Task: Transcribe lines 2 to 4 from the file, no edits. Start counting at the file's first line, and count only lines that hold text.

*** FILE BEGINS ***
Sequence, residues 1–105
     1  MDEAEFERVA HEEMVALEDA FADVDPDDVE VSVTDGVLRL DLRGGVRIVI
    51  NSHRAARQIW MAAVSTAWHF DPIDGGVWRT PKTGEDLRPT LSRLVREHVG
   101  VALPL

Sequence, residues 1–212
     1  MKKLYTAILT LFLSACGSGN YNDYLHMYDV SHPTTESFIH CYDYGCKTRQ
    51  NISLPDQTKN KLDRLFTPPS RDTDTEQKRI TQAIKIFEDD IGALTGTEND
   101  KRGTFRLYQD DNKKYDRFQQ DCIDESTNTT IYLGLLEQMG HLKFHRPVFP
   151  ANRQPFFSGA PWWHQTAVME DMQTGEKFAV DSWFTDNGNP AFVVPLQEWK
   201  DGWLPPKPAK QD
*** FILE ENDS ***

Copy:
     1  MDEAEFERVA HEEMVALEDA FADVDPDDVE VSVTDGVLRL DLRGGVRIVI
    51  NSHRAARQIW MAAVSTAWHF DPIDGGVWRT PKTGEDLRPT LSRLVREHVG
   101  VALPL